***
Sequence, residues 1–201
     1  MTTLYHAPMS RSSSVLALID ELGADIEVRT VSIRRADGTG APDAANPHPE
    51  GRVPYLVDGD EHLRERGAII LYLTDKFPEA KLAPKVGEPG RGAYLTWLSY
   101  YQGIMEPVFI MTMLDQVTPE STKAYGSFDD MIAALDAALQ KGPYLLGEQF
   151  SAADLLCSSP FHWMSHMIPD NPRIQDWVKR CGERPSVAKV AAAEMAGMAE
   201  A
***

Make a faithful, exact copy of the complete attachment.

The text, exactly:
Sequence, residues 1–201
     1  MTTLYHAPMS RSSSVLALID ELGADIEVRT VSIRRADGTG APDAANPHPE
    51  GRVPYLVDGD EHLRERGAII LYLTDKFPEA KLAPKVGEPG RGAYLTWLSY
   101  YQGIMEPVFI MTMLDQVTPE STKAYGSFDD MIAALDAALQ KGPYLLGEQF
   151  SAADLLCSSP FHWMSHMIPD NPRIQDWVKR CGERPSVAKV AAAEMAGMAE
   201  A